• Anshul Kapoor

Paradox of Identity and its Happiness

It is now an obvious fact that the great human civilization has long outgrown the natural ways of earthly existence. We no longer live and die by the rules that once directed our ancestors. This growth is supported through an ever developing capability and has resulted into an ever broadening identity of oneself. Your identity is what you define yourselves with — achievements, possessions, relationships, authority and just about anything else you may choose. This broadening of identity is the driver for most human lives.

Obviously one chooses to make these components a part of identity because these ought to supplement one’s experience of life. But the broadened identity also has a greater potential to cause displeasure — when components of identity become unpleasant and undesirable. It is rare that all components of one’s identity remain pleasant simultaneously. Most of the times, some or the other may remain unpleasant. Consider your own identity components for once — everything that may be considered as ‘my’ is a component of identity. You will see that you expect to derive specific forms of happiness from each of these. And in aspiration for more happiness, the identity keeps broadening.

But as the identity keeps broadening, one might fail to see the true form of how this actually benefits an individual or ‘self’. This failure can lead to a broadened identity and yet an unfulfilled self — which is arguably a widespread feature of the current human civilization. A civilization characterized by unprecedented achievements, possessions and connectivity of restless, vexed minds. Sounds familiar?

The understanding of how self interacts with happiness and identity may help in improving this situation. While the identity and its development is spread across past and future — across one’s lifetime to be precise — the perception of life and its happiness is a momentary thing. Your identity from past flows to become your identity in present and in future, but happiness from 2 minutes ago or even from the previous moment is past — gone forever, never to come back. The perception of happiness in this moment is now only, it is instantaneous.

One’s perception of life over an extended duration is not decided by its identity but by stacking of individual moments of perception.
To understand this statement better: Imagine a person with ambitious identity goals for next 10 years. In an experiment, he agrees that he may be injected with sadness and misery causing chemicals for 10 years — this will become his perception throughout this period. In return, he will have achieved all identity goals as he aspired upon completion of experiment. Bear in mind that the struggle to achieve goals may also cause sadness and misery but it also includes pleasure at the prospect for struggling for a worthy goal. This experiment also eliminates that pleasure. Would you expect him to have a good or bad perception of this period after achieving the goals?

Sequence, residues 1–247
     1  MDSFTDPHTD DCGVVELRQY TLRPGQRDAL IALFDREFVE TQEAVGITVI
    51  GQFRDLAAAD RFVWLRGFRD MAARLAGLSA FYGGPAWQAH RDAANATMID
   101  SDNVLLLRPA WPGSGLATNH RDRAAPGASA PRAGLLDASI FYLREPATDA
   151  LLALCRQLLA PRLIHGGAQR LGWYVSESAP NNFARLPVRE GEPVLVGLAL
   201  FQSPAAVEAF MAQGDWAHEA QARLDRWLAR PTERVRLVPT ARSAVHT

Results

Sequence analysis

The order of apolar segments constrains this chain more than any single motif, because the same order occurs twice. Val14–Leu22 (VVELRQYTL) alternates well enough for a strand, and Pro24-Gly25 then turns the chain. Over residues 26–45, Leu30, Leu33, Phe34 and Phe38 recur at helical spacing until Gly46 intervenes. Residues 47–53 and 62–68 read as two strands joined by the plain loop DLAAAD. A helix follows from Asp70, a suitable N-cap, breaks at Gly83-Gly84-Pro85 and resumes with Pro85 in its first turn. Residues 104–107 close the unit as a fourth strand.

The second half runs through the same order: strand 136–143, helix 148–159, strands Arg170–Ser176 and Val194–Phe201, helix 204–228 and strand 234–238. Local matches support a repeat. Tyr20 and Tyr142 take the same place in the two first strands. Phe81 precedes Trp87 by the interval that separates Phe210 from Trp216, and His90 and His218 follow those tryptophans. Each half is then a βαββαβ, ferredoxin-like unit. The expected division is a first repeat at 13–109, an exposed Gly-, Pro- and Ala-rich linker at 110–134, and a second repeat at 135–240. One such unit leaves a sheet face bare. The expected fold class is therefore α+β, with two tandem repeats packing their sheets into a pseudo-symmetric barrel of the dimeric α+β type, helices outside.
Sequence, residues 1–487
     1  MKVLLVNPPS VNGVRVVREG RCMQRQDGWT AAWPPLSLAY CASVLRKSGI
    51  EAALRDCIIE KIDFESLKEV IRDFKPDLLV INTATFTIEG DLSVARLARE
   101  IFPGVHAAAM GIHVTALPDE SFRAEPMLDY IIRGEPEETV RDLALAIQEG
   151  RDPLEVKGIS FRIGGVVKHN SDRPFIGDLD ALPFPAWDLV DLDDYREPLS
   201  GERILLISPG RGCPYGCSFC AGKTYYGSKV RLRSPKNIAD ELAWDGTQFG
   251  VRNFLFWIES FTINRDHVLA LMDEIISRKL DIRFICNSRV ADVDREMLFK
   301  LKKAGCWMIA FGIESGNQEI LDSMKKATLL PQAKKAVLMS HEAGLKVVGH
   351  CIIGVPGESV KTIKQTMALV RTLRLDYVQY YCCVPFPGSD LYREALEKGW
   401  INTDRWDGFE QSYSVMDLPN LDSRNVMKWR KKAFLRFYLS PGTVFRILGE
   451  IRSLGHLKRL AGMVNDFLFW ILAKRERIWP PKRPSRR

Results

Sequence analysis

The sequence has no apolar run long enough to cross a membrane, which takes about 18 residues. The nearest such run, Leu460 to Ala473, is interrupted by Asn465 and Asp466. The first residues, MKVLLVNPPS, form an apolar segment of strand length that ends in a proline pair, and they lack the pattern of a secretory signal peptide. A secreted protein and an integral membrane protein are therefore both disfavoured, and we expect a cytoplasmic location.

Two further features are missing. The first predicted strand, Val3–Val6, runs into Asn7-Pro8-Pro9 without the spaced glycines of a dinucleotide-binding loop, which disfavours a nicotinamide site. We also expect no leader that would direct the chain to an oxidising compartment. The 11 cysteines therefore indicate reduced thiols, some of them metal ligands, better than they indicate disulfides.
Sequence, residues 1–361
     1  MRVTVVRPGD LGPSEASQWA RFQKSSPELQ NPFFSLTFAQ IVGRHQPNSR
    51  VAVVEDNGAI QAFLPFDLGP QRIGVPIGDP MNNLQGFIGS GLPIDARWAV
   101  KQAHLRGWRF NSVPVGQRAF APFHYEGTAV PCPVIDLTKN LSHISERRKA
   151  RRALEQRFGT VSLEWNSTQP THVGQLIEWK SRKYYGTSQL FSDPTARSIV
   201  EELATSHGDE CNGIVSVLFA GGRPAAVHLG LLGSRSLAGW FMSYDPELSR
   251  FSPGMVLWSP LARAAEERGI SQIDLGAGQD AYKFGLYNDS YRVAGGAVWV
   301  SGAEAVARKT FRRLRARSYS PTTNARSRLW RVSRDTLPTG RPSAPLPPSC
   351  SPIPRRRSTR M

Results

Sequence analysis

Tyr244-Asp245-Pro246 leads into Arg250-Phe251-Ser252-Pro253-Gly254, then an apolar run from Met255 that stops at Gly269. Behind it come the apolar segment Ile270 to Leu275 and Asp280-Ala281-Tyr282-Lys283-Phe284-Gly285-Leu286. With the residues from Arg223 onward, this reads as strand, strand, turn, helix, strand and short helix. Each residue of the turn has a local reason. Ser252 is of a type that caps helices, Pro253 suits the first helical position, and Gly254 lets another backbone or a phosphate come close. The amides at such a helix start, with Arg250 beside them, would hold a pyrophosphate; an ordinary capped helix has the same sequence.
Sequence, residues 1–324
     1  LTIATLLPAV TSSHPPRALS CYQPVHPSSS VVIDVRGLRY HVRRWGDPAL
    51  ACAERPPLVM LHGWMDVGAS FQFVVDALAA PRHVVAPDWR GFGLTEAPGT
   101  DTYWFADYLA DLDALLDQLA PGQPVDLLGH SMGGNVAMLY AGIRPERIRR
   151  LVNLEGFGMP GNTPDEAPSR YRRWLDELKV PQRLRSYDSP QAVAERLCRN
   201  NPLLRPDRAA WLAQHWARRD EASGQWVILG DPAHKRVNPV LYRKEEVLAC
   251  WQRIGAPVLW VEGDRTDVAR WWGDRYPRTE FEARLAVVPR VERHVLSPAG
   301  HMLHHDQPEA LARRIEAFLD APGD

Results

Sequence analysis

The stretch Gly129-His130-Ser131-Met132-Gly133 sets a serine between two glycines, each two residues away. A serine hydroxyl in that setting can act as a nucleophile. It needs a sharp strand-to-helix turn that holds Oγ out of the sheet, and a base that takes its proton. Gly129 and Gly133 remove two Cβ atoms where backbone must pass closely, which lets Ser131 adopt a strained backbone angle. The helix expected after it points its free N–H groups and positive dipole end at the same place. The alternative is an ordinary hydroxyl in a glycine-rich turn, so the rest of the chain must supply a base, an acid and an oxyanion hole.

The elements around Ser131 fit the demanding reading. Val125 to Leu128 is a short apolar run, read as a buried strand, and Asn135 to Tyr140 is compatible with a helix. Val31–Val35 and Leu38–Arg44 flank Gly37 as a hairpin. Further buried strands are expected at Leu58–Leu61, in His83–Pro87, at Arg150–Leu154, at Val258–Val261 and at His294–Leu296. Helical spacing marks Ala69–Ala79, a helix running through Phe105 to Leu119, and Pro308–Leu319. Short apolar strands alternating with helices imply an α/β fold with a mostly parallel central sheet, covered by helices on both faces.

As an individual chooses to depend upon identity as a source of happiness — an identity that is ever transmuting, never final or perfect — the perception of happiness appears to be an object of the past or the future — where it does not exist. Hence prohibiting the present from fulfilling its potential. Consciously decoupling the timeless aspect of happiness from time-based aspect of identity can be an enriching experience.

This was a theory. Now the application.

At any instant, your perception grapples with several aspects of your body and mind. Together this mixture becomes the perception of this instant. So in this instant, if your body is comfortable, defined by (1) pleasantness of 5 senses, what your see, smell, hear, taste and touch, (2) absence of painful/disturbing sensations from any body parts, (3) absence of hunger or thirst or breathlessness — and your mind is comfortable, defined by (4) absence of tasks requiring immediate action and (5) absence of disturbing thoughts in that instant, you perception of this moment has the potential to be thoroughly pleasant. These are instantaneous factors of perception and not time based.

Check when was the last time that your state of being fulfilled all these factors. You will see that most individuals come across several moments every day when these 5 factors are present. All aspects of one’s material resources, attachments, relationships and social status are perceived at any instant as these factors only. These may be said to be the filters through which a person perceives the world at any instant. This article asserts that this is the limit to what world can offer on a perceptual level. This article does not consider supernatural and spiritual orders of perception, just the normal waking consciousness.

So in conclusion, many individuals achieve the pinnacle of perceivable worldly fulfillment every day and yet fail to recognize it. This failure is rooted in a deluded correlation between identity and perception. When the mentioned 5 factors are mixed with wounds of the past and apprehensions of the future — components of identity which don’t really exist in the present — the possibility of pleasantness is adulterated. As one seldom strives to detach from identity, pleasantness of perception becomes a conditioned and rare event. When this process extends over time, the perception of life becomes unfulfilling despite the broadened and desirable identity.

If you think that your state in future will be more fulfilling than in present — consider if that state will offer the instantaneous factors of perception in a better manner than the present.

It might be worth introspecting if your future is directed towards improvement of perception or improvement of identity?
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